After a couple of months, not shopping simply became our new normal, but it was rough at first. I gained seven pounds in those first two months because any time I felt like buying something I would eat something instead!
It may have been us projecting our inner thoughts on others, but we were very concerned we might come across as judgmental to our friends and family who might be buying or purchasing things. That wasn’t our intent at all. We have a society that does a whole lot of comparing to others – we didn’t want people to think we thought we were better for having done this.
The most humbling part was realizing what we were doing is the reality for most people on the planet – because they can’t buy stuff. We were doing it as an experiment, but it’s the reality of everyday life for most of the people of the planet.
How was reentry into consuming in January 2014?
It was slow. The first thing I bought was socks and underwear. We didn’t go shopping until February, but we saw ourselves getting quickly swept up into consumer culture. We had a new lens, but we had new questions.
Will this thing add value to my life or will it take me away from people, events and relationships that are important?
We looked at what we own through a different lens, too. We tried to appreciate what we had, rather than criticize what we had. It’s a metaphor for the people we see too – rather than being critical at first, we should just appreciate what they bring to the world.
What was the greatest long-term gift from the experiment?
At the end of the book we discuss three big things that came from not purchasing for a year:
1. more time
2. more energy
3. a greater appreciation of the things that mattered
How many of these practices have held over since it stopped?
The idea that if we are going to spend, we are spending on experiences rather than things. Our kids have more of an appreciation of experiences—they’re 9 and 7—so they ask for experiences as gifts. They’re kids, so they still want toys and things, but more often they are asking for an experience.
We look more at the function of an item, rather than how it makes us feel. What value is it going to bring? Will it allow us to have more time or energy for the things that are important? Even though we do shop from time to time, it has kind of ruined “shopping as a hobby” for us.
Would you recommend the experiment to others? If so, do you have any encouragement or cautionary advice?
I would recommend the experiment on either short or long-term basis. As far as encouragement goes, I would tell any family trying the experiment just to give themselves grace. We’re all bound to fail, but the important thing is the intent behind your actions. No need to feel guilty for buying a pair of earrings or a new grill. But when it happens, think of ways you can use it for good. Use the one-in-one-out method to donate some other earrings of yours to a woman going on a job interview. Or throw a get-to-know-you barbecue for the neighborhood.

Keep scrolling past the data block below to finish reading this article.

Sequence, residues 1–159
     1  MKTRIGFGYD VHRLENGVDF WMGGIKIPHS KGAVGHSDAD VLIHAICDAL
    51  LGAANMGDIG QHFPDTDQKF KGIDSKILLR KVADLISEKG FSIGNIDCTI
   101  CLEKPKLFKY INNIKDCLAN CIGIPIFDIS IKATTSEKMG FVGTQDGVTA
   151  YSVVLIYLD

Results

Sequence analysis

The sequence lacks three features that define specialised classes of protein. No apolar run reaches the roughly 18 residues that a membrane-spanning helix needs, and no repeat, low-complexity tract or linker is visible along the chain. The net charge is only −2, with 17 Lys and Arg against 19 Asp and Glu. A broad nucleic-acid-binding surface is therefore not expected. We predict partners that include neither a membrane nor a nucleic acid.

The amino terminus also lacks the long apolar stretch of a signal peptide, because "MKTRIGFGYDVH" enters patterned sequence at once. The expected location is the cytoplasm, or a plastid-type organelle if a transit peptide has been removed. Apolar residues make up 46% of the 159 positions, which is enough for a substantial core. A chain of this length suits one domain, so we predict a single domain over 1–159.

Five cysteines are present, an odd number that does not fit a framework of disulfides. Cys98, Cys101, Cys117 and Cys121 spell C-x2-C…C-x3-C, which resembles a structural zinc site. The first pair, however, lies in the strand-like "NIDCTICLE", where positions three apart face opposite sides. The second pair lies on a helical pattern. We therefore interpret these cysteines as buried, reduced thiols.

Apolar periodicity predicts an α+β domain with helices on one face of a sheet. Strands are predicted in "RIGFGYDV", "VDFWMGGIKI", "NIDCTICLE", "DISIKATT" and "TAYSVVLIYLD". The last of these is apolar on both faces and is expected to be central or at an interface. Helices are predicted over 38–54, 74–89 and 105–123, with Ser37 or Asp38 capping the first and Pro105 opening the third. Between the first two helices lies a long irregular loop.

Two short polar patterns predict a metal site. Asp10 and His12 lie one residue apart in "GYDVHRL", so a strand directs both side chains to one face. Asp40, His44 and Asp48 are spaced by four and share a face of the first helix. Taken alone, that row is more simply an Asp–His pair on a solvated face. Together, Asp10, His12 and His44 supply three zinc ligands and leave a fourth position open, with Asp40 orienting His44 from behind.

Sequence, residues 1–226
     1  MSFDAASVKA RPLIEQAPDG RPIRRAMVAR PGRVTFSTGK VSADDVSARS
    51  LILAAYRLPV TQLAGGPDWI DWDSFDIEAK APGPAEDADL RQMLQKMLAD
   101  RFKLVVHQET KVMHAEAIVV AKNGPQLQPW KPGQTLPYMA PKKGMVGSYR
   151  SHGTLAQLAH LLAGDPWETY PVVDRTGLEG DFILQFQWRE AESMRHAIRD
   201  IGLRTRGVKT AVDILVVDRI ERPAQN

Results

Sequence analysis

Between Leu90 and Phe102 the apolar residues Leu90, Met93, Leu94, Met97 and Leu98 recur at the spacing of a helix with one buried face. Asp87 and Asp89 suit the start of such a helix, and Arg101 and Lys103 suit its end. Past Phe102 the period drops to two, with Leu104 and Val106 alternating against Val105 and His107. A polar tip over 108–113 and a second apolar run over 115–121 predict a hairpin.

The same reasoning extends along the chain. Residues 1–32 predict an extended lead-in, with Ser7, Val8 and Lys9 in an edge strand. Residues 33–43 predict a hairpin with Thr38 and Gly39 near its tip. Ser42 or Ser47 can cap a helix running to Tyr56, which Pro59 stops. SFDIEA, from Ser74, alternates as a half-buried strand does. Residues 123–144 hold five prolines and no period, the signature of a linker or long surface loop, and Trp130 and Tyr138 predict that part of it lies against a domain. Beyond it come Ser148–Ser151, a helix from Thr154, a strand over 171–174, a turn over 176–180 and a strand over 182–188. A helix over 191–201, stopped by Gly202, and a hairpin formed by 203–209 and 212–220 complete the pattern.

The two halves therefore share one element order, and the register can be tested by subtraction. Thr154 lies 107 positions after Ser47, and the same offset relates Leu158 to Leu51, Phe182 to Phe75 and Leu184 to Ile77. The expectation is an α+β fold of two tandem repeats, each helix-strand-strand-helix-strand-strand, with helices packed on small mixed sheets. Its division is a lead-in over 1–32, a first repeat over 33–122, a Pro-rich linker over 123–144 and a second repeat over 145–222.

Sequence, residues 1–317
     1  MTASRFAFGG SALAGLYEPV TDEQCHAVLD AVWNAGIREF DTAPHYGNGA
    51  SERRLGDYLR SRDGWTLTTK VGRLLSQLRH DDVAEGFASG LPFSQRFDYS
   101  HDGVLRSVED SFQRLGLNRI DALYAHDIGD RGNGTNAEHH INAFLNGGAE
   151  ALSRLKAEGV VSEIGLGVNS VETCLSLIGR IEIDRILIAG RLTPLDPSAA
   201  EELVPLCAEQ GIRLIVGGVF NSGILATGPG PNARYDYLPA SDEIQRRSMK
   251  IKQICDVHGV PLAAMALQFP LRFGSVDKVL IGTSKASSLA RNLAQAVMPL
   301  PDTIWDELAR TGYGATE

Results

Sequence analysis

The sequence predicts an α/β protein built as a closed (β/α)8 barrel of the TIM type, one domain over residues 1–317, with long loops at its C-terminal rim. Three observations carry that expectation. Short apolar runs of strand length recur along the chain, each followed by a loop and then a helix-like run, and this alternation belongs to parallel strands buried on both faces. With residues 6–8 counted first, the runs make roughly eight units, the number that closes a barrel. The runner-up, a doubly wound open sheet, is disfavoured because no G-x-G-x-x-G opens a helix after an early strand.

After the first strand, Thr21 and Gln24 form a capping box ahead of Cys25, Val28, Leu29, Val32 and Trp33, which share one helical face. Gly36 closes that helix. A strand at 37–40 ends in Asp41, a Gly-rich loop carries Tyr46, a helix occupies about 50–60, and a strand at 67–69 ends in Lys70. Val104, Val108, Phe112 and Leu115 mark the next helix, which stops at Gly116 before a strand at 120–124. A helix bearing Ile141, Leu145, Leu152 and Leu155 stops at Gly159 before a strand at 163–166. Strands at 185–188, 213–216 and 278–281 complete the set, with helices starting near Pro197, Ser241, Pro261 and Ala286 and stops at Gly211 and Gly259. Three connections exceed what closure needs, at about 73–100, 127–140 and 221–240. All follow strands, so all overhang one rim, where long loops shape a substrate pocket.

As for caution, simply be very intentional about why you are doing it. For us, it wasn’t about saving money. We did end up saving money, but it was really an opportunity to get back to our family mission statement: to live lives of integrity by owning what we have, growing in faith together and serving God’s people to build a world without need.
The intention is much more important than the outcome. Because we did have a few incidences where we fell off the wagon. Our story isn’t one of ‘Look at how amazing these people are.’ I think most people could do it, but we needed to answer the question of ‘was it meaningful for our family?” and I can answer yes, because of the intent behind it.
We realize this was, in the end, not a great sacrifice for us. And we really did it to try to connect back to a lot of the values of our mission year that were simplicity and relationships and faith. We could have made it a lot harder on ourselves.
Some people said, “They aren’t growing their own food. They aren’t making their own clothes.” And they are right. Our rules could have been much harder. The goal wasn’t to live off the grid, it was to be satisfied with what we had while maintaining meaningful relationships.
Editor's Note: An earlier version of this article indicated "Presgov" was no longer in existence. The article has been updated to reflect the organization's new name, the Antioch Partnership.